3330 Rosecrans St.

San Diego, CA

This place should really be called Bali High, because it’s “knock-you-on-your-ass” Mai Tais are legendary. If you have one or two mai tai’s first, you don’t really care much about the coconut shrimp or grilled salmon that follows. You really don’t come here for the food, anyway. You come for the buzz and the great views of the San Diego skyline. Overall, it’s an intoxicating way to spend an afternoon. You really feel as if you’re in a time warp and part of another era when getting sloshed and the double martini lunch were de rigueur.

Hotel del Coronado

1500 Orange Avenue
Coronado, CA 92118
(619) 522-8490

Another tourist high is a trip to the Del.

When it opened in 1888, it was the largest resort hotel in the world and the first to use electrical lighting. It has hosted presidents, royalty, and celebrities throughout the years. The hotel has been featured in numerous movies and books, the most famous of which is “Some Like It Hot,” starring Tony Curtis, Jack Lemon and Marilyn Monroe.

Again, you don’t have to eat or stay here (about $300 and up), just walk the grounds and let your mind wander history has traversed the grounds. When the hotel opened for business in February 1888, 1,440 San Diegans traveled across the bay to ring in the new architectural marvel. You can still see why. It is one of the few surviving examples of an American architectural genre — the wooden Victorian Beach resort. The ceiling in the Crown Room was installed with pegs and glue without using a single nail.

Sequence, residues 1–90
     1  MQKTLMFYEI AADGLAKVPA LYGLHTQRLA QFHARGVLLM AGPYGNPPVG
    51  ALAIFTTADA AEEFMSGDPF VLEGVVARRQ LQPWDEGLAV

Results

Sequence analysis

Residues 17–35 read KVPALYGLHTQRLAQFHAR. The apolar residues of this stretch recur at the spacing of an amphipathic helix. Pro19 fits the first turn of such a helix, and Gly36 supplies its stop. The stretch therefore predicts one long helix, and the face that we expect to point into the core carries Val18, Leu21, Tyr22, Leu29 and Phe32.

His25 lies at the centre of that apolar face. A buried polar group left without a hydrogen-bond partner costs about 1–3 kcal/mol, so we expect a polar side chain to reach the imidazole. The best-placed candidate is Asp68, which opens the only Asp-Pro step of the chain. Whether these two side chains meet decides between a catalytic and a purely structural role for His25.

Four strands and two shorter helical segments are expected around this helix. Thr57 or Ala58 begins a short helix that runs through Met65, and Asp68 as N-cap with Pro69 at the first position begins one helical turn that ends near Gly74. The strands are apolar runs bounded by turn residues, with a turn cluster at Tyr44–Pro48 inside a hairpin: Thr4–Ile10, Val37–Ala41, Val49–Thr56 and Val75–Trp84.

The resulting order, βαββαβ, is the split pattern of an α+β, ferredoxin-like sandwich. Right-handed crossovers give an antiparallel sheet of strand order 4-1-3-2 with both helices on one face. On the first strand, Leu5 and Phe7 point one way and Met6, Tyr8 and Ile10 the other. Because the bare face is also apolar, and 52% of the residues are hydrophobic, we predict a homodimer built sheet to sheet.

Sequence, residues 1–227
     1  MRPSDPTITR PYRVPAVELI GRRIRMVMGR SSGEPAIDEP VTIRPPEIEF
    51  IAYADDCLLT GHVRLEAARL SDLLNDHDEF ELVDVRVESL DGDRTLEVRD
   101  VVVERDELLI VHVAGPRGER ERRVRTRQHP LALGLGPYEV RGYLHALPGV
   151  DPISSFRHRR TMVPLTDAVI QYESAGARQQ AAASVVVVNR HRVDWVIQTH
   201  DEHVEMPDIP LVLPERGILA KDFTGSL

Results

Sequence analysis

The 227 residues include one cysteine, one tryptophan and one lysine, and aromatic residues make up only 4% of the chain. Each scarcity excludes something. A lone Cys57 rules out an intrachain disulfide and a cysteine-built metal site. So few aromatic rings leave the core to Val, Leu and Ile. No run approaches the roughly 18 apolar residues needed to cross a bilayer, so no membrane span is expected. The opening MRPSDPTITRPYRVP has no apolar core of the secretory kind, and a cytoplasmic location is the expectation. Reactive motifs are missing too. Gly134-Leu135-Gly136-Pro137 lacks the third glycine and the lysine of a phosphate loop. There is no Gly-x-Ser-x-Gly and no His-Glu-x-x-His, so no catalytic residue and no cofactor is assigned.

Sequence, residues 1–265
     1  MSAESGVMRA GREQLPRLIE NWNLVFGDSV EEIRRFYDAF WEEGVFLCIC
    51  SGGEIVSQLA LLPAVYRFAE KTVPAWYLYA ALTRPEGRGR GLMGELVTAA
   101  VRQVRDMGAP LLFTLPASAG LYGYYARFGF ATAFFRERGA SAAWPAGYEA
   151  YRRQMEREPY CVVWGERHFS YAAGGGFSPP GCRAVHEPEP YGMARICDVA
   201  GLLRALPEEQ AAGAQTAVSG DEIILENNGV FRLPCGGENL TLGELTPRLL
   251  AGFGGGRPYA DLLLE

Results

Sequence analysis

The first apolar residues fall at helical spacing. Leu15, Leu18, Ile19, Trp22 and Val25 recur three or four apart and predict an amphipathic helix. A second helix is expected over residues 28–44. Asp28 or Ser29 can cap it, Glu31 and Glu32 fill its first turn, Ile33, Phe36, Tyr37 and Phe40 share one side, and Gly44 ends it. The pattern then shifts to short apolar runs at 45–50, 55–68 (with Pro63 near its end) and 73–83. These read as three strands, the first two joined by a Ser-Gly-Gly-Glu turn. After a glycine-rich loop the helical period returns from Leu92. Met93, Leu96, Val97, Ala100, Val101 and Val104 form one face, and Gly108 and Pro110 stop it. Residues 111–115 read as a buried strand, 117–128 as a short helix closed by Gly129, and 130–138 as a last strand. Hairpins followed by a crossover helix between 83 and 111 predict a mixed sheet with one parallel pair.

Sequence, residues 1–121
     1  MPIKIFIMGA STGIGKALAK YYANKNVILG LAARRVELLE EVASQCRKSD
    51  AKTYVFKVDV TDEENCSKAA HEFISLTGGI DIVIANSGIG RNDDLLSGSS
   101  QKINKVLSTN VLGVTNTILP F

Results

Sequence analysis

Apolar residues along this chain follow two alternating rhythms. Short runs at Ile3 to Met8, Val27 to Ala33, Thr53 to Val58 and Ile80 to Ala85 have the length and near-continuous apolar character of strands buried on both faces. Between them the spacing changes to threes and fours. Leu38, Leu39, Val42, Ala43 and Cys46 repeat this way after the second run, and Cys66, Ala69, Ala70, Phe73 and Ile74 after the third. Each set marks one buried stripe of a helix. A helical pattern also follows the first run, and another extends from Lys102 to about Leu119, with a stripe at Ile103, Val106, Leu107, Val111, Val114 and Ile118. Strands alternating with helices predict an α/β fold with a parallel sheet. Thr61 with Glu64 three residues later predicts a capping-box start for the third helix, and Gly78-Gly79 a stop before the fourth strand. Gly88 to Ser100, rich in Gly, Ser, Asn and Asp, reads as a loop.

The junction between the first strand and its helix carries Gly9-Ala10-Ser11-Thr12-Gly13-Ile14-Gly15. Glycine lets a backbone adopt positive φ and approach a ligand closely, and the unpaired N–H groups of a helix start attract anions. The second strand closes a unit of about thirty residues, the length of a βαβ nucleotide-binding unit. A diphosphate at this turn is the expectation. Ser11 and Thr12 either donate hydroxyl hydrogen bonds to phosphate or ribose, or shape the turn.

What keeps me coming back are the resort’s iconic red turrets shading patrons like big parasols. Under them, you feel as if you belong to a different era – and maybe a better time when life was a little slower and manners mattered.

Howard Johnson’s

3330 Rosecrans Street

San Diego, Ca.

The Del wasn’t in the LaVerneOnline budget. What qualified was the Howard Johnson’s motel near Sea World, which we picked for about $50. The room was clean, comfortable and came with a microwave for heating up Bali Hai leftovers.



San Diego has literally dozens of neighborhoods, but always at the top of my list is the Hillcrest area, northwest of Balboa Park. It’s a gay area, sort of what Castro Street is to San Francisco and the West Greenwich Village is to New York City, but slightly less ostentatious. All I know is Hillcrest rocks with cutting edge cafes and shops. The neighborhood, dotted with bungalow charmers, is diverse, quirky, irreverent and fun-loving.

Bread and Cie

350 University Ave.

San Diego, CA

(619) 683-9322


If the munchies strike, try Bread & Cie (French for company). Favorites include the ham and cheese quiche, warm foccacia covered in cheese and vegetables, crusty loaves of black olive bread, tiramisu and crisp and buttery palmiers. While you’re waiting in line, try to not stare at the glass case full of pastries and bakery items, otherwise, you’ll never be able to decide what to order.